America! America! God mend thine every flaw,
confirm thy soul in self control, thy liberty in law."
A few years ago, when I put out the call for names of veterans to be read at a Veteran's Day prayer service, I got an email back thanking me and remarking that "in the past, CCC has been overly "peacenik" and resistant to any such service."
If that's true, it's not surprising. Not because of anything about this community, but because we as Christians struggle with the tension between honoring two values that Jesus himself lived -- self-sacrificial love and commitment to peace.
That tension is brilliantly sung in "America, the Beautiful," one of the "patriotic hymns" in our own hymnal. I am particularly struck by the brilliance of that second verse as a way we might honor and live both of those values as Jesus did.
People have served in our armed forces for many reasons -- from volunteering, to the compulsion of the draft to economic compulsion. But whatever the reason, that service represents a willingness to put their lives on the line for a greater good. To offer, if necessary, what President Lincoln rightly called "the last full measure of devotion."
That act of self-giving is at the heart of our call to be disciples of the one who gave himself for the love of the world. It must be acknowledged, celebrated and even revered. In fact, the willingness to offer that "last full measure of devotion" is so sacred that we as a nation have a sacred duty to make sure it is never demanded except when absolutely necessary. That it is only demanded, as in the case of those honored dead at Gettysburg, literally to preserve not our nation's economic interest or our strategic position but the very freedoms upon which our nation was founded.
That's why on this Veterans Day, in addition to honoring those "who more than self their country loved, and mercy more than life," we must ask God to "mend our every flaw." We must repent of those ways we have dishonored - and continue to dishonor - their service by sending them to fight, kill and die, for lesser and less pure causes than ensuring that "government of the people, by the people and for the people shall not perish from the earth."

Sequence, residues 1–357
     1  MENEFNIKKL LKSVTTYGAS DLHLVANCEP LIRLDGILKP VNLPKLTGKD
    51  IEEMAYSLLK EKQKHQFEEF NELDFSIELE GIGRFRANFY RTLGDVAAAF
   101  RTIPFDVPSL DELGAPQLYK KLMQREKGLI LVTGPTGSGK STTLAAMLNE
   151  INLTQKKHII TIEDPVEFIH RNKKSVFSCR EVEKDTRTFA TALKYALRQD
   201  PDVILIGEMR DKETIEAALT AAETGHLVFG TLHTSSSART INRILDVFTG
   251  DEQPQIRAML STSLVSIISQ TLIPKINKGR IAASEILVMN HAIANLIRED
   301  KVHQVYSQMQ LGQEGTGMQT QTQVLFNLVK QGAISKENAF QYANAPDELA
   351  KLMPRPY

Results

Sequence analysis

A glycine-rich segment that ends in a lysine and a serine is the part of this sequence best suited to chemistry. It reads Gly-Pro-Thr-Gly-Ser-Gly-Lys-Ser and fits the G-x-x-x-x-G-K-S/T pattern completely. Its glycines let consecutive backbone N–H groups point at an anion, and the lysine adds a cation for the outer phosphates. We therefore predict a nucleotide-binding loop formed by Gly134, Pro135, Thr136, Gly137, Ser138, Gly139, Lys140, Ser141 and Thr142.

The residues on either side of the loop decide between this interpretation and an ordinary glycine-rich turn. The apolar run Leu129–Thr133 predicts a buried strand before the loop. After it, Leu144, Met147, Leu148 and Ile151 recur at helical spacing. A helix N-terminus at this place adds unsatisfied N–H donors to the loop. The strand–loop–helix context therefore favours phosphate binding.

We have the greatest fighting force in the history of history, but with that comes the responsibility of restraint. The power not only to kill, but to force our own sisters and brothers to be takers of life should be used only in extreme circumstances. And when we do go to war, we must do so in ways that embody the freedoms and respect for the dignity of every human being we fight to defend.
The soul of our nation must be confirmed in self-control, her liberty in law.
I hope we will take a minute today to read these names below -- names of people in our congregation who have served and are serving. I hope we will take the time to thank them for their service the next time you see them.
I also hope this day and every day, we will dedicate ourselves to holding our nation to the highest standards of honoring their commitment, supporting any commitment of troops that is worthy of their devotion ... and working tirelessly to end any action that falls short of that high standard.
Thank you for your service:
... and any others I have missed. Please leave those in the comments section.